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News / Life / Clark County Life

‘Everybody has a voice’: Clark County’s poet laureate Susan Dingle promotes poetry

Washougal resident has published two books of poetry

By Scott Hewitt, Columbian staff writer
Published: April 18, 2024, 6:02am
6 Photos
Susan Dingle, the 2024 Clark County poet laureate, recites poems at the Attic Gallery April 5 in Camas.
Susan Dingle, the 2024 Clark County poet laureate, recites poems at the Attic Gallery April 5 in Camas. (James Rexroad/for The Columbian) Photo Gallery

WASHOUGAL — When she was a kid in school, Susan Dingle detested poetry.

“I didn’t understand it. It made me mad. It was a world I felt like I was excluded from,” she said.

That changed when one high school English teacher introduced her to “Ulalume,” a dark, visionary dreamworld by Edgar Allen Poe.

“I was completely hooked,” Dingle said. “On the sound. On the music. On the images. What she really showed me was how to pay attention. That’s all the great teachers of poetry are doing, showing us how to pay attention.”

At the wildlife refuge in Ridgefield

on a pond near sunset

ten thousand swans rise in bright glory,

a field of purple lilies above a town

named for a flower, Camas,

whose root once fed Chinook and Cowlitz people,

near a place they named Washougal,

for the sound of water rushing over rocks.

The poetry of this land was here long before us,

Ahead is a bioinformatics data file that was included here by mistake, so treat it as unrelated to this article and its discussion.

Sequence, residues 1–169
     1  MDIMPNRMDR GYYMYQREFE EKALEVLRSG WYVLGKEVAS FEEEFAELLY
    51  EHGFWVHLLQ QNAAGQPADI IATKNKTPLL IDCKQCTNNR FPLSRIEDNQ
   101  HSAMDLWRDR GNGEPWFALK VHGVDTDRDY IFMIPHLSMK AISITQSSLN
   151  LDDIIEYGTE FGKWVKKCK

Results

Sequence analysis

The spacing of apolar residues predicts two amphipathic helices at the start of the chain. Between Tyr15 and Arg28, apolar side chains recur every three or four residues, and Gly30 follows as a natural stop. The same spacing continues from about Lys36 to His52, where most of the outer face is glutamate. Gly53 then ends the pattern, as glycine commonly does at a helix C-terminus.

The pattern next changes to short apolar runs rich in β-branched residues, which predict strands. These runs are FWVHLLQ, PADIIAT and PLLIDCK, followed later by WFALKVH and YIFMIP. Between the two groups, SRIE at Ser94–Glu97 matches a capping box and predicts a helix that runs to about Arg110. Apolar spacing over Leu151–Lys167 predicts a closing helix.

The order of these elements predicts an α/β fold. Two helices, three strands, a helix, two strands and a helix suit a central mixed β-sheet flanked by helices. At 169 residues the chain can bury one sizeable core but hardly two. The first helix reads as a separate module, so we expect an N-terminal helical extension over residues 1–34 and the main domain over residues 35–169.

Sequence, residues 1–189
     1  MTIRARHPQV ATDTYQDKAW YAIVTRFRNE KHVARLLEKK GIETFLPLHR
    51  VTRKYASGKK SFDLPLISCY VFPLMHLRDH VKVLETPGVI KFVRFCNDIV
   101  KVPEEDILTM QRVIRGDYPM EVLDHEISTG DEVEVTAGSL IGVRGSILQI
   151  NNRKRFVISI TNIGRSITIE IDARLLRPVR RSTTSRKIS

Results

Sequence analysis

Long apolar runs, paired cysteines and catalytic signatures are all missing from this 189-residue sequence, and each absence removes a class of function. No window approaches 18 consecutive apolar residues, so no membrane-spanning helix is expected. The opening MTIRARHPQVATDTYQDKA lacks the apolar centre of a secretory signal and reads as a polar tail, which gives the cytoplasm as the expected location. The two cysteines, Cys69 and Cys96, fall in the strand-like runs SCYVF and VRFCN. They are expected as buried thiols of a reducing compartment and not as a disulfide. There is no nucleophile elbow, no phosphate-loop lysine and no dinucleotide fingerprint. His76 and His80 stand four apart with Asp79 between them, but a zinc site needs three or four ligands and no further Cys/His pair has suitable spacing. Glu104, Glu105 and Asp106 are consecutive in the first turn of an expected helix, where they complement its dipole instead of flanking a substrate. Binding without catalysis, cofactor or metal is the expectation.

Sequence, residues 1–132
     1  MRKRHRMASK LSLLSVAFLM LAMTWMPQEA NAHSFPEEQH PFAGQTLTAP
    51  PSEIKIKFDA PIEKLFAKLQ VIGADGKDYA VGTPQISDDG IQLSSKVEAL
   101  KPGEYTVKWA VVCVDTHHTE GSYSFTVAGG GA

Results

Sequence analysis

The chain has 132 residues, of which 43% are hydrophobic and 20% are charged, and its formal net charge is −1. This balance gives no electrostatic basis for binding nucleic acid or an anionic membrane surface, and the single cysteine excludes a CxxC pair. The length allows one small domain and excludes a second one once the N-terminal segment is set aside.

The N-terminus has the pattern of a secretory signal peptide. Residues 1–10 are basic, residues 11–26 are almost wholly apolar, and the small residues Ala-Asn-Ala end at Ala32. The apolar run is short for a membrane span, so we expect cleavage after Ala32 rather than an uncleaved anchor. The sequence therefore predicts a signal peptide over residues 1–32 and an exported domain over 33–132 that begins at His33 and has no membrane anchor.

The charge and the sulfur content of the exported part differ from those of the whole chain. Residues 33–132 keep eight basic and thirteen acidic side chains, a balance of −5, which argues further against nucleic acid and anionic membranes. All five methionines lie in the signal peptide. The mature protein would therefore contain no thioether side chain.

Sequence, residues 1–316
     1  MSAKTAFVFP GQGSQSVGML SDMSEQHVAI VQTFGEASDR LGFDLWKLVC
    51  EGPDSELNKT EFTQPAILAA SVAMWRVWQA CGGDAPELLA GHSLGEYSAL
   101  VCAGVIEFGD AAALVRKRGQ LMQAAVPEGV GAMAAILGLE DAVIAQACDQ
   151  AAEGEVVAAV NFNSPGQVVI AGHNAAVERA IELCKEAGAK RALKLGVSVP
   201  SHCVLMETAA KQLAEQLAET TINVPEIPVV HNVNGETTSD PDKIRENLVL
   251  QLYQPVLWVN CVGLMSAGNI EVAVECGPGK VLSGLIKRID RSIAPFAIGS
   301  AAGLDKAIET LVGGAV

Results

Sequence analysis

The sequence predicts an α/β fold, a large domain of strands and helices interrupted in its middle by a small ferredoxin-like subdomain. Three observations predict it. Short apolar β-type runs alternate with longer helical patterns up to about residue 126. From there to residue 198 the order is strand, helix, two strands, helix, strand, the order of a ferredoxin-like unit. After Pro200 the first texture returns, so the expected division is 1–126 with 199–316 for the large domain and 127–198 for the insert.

and lives now in how we listen, celebrate each voice:

children on playing fields, families cheering in the stands,

so many teams season after season even in the rain

at night when the lights come on, still they run

and we cheer them on, see poetry in how they grow,

poetry in the joy we feel joy as choirs of students sing

at recitals, present exhibits at science fairs,

and teach us the humility of age.

— excerpt from “For Clark County in April” by Susan Dingle

As Clark County’s new poet laureate, Dingle wants to devote attention both to practicing and potential Clark County poets and readers. The Washougal resident is eager to bring poetry writing workshops and readings to groups of all sorts, from schools to congregations to club meetings. She’s especially keen to boost local voices that don’t get enough attention, she said.

“I’m committed to the voices of people who feel ‘less than,’ ” she said. “There are a lot of people who don’t even know they have a voice. Everybody has a voice.”

She’s even thinking about how to bring poetry to the Clark County Fair, she said.

“It has everything else you can think of,” she said. “It’s got horses and cows and goats. The only thing it doesn’t have is poetry.”

Cheering poetry

Dingle grew up in New Jersey and Baltimore, Md. She studied creative writing at Northwestern University and the University of Illinois in the late 1960s, when a woman in the male field of academic literary studies still felt like a rarity, she said.

Dingle had no female peers at school, she said, and women’s poetic voices weren’t taken seriously. From Shakespeare to T.S. Eliot to Robert Frost, all the canonical “great poets” were white men, while figures like Adrienne Rich and Sylvia Plath were thought of as minor, confessional writers, she said.

Dingle wrote poetry and taught, then went back to school with a different focus in the early 2000s, earning a master’s degree in social work and certification as an alcohol and substance abuse counselor. By then she was married to a jazz pianist, raising a family and living in east Long Island, N.Y.